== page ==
UW opens NCAA Tournament play with a West Regional matchup against Marquette in San Jose, Calif., on Thursday. The Huskies got into the field with a No. 11 seed.
Washington (24-9) won its final seven games, including a sweep of three games in the Pac-10 tournament to earn an automatic bid to the NCAA field.
This team took longer to come around than anyone envisioned, especially given that most of the roster returned from a year ago. UW briefly occupied last place in the Pac-10 in January and didn't win its first road game until Feb. 13.
The Huskies were considered very much on the "bubble" until taking down Pac-10 regular-season champ Cal 79-74 in the league's tournament final.
"The anxiety that you may have as a team, knowing that you're one and done, is something that's been going on with our team for quite a while," coach Lorenzo Romar said. "The stakes haven't been as high as they're going to be now."
The Huskies could have come unglued. Instead, they found the elusive stuff that binds a team.
"Guys came together," Romar said. "Guys believed. Guys became more of a team. ... With the group that we have, guys just stuck together. Guys stepped up. Roles became defined and a team was born."
Sophomore guard Isaiah Thomas, named MVP of the Pac-10 tournament, could hardly put into words how proud he was of his teammates.
"Like I said before, we all we got," he said. "This is what we did. Nobody else did this for us, but us and the coaching staff."
--The Huskies have won seven straight games and 12 of 14 entering the NCAA Tournament.
--Washington beat Stanford 79-64 in the Pac-10 semifinals despite missing 19 of its first 22 shots from the field. Even so, the Huskies led 11-8 after that stretch ended with 8:20 left in the first half.
COACH: Lorenzo Romar, eighth year at Washington, sixth year in NCAA Tournament.
KEYS TO VICTORY: The Huskies thrive when the pace gets going, the faster the better. They are deep and athletic and love to make the game a scramble, allowing them to run out in transition for easy baskets. Senior F Quincy Pondexter has 30-point capability and has improved his game in the half court. Sophomore G Isaiah Thomas is an excellent penetrator and 3-point shooter. The Huskies will need to get something from junior C Matthew Bryan-Amaning, who will have a size advantage against Marquette.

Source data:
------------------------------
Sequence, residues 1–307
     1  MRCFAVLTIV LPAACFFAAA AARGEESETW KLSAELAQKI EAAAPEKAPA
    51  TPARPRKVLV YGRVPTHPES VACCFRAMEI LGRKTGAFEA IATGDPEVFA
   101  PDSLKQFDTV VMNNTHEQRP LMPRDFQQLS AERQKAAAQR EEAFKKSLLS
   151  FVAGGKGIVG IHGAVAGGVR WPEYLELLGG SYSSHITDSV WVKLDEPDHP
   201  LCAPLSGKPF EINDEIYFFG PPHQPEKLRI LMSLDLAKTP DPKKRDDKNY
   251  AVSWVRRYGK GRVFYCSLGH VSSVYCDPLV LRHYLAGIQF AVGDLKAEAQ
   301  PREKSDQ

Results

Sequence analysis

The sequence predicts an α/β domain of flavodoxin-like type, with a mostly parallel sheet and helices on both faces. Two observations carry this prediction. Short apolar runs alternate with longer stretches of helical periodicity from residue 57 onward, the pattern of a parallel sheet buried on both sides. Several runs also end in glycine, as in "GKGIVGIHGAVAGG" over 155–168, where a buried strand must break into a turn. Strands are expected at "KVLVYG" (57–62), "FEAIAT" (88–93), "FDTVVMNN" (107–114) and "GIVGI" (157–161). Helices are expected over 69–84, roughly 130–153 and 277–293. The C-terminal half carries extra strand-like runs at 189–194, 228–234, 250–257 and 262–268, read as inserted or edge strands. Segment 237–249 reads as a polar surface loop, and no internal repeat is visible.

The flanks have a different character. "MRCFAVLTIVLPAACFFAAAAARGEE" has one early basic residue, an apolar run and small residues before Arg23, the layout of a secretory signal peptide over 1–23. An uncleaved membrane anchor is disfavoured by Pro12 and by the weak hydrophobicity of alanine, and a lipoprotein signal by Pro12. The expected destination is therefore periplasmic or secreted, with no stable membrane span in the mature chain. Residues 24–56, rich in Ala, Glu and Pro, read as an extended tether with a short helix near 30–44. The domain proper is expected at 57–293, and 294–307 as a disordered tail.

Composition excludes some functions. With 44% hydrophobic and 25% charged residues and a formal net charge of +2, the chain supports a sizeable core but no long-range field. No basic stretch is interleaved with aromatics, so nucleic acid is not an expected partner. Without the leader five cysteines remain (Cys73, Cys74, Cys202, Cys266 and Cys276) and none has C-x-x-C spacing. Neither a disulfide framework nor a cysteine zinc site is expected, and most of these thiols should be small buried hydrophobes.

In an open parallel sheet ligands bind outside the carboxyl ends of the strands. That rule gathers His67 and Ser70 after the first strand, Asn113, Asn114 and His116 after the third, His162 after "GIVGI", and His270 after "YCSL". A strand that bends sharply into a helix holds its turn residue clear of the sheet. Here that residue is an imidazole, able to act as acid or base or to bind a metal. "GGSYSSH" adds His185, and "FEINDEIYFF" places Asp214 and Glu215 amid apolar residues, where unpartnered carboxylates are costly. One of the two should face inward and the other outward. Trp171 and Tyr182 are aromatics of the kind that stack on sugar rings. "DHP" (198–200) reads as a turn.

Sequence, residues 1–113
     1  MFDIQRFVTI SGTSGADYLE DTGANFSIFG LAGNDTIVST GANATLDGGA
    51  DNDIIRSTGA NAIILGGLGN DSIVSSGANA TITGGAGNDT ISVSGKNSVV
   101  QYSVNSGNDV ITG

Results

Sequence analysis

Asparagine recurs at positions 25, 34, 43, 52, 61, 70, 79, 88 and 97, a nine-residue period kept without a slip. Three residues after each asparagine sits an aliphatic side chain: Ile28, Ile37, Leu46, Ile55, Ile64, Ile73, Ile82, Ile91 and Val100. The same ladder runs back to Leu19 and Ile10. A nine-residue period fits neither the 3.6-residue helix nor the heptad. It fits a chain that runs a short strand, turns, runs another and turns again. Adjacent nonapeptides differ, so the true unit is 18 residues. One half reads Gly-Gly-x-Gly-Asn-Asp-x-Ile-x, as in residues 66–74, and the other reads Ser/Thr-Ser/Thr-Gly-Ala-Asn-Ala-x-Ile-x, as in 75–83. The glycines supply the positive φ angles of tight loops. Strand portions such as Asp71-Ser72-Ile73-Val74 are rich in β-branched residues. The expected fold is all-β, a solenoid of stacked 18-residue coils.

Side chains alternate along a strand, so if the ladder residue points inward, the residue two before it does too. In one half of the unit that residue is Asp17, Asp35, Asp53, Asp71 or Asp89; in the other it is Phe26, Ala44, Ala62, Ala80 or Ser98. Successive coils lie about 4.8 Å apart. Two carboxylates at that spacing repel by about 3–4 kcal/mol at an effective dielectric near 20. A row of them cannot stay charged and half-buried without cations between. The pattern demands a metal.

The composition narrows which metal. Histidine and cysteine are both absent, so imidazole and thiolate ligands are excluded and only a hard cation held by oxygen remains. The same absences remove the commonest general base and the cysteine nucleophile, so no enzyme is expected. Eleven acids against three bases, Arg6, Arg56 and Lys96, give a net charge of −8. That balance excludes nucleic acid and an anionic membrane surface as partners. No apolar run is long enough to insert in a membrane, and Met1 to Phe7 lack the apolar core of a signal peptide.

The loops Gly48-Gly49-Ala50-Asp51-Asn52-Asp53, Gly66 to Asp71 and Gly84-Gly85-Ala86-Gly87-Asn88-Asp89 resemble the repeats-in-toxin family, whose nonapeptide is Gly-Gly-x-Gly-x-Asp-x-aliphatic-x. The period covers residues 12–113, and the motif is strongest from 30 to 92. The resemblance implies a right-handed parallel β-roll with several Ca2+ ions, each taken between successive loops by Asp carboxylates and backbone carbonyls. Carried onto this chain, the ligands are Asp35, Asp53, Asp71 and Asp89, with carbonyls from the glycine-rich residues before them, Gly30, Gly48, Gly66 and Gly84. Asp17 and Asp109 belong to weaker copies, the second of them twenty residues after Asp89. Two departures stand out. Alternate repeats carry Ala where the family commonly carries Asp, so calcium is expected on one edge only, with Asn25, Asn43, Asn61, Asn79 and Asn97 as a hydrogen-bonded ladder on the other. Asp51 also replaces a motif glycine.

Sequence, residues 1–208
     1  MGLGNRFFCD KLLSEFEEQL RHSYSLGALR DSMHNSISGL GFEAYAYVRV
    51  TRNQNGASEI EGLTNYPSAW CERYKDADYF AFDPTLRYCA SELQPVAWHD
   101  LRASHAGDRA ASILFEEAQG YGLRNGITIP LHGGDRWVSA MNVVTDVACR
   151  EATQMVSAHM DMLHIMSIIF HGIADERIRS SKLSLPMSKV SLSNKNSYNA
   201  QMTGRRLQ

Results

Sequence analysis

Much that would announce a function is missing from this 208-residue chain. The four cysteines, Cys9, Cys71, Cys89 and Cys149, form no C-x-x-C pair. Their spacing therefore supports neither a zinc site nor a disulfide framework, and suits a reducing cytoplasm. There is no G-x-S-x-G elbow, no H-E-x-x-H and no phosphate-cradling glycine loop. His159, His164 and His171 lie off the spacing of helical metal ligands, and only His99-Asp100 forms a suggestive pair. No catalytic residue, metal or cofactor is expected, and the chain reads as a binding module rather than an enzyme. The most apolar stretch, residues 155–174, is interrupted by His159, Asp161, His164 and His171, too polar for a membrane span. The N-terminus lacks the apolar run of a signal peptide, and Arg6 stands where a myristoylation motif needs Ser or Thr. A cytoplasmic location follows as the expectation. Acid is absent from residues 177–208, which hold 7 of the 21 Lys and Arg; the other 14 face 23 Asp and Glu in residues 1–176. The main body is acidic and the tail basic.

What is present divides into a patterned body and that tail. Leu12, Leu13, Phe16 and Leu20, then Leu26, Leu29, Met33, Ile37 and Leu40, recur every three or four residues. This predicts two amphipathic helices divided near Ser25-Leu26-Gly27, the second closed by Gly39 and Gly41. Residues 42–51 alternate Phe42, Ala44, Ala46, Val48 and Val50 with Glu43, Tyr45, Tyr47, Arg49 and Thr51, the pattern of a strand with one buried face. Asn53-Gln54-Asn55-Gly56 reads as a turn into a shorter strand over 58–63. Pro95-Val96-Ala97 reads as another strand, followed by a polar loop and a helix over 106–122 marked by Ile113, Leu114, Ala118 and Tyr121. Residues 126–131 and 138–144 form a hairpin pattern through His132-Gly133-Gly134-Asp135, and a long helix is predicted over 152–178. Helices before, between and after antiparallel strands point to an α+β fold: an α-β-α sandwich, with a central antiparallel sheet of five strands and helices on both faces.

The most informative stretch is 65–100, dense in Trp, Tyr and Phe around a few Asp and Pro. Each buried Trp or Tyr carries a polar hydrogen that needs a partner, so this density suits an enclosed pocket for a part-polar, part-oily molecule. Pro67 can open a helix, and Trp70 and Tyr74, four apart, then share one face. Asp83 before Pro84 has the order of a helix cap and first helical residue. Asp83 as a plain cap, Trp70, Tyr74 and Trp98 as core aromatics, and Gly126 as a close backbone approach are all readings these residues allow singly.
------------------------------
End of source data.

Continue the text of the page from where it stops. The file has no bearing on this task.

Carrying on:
QUOTE TO NOTE: "We told each other, 'If we handle business, we don't need a committee to determine is we're good enough. We'll be automatically in.'" -- UW senior Quincy Pondexter, on his approach to the Pac-10 tournament final against Cal.
STRATEGY AND PERSONNEL
SCOUTING REPORT: Washington doesn't want to play a huge team in a half-court game -- so it likes its matchup against Marquette. The Huskies don't even mind if the game gets a little sloppy, as long as happens with the gas pedal to the floor. UW utilizes its depth to stay fresh and is capable of sudden, game-changing scoring bursts. Quincy Pondexter and Isaiah Thomas routinely chalk up 20-point performances, and the rest of the Huskies have settled nicely into complementary roles. If this team is allowed to dictate tempo, it can be a handful.
Washington 59, Oregon State 52 (Pac-10 tournament quarterfinals)
Washington 79, Stanford 64 (Pac-10 tournament semifinals)
Washington 79, Cal 75 (Pac-10 tournament championship game)
vs. Marquette, Thursday, March 18, NCAA Tournament, West Regional first round, San Jose, Calif.
--Senior F Quincy Pondexter, voted to the All-Pac-10 first team, scored 18 points in Washington's 79-75 win over Cal in the Pac-10 tournament final. It was the 83rd double-figure scoring game of his career. Pondexter's 1,743 career points are tied for fourth all-time at UW.
--Sophomore G Isaiah Thomas had 16 points against Cal and became the Huskies' first MVP of the Pac-10 tournament.
--Junior G Venoy Overton, the club's sixth man, had 10 points, five rebounds and two assists against Cal.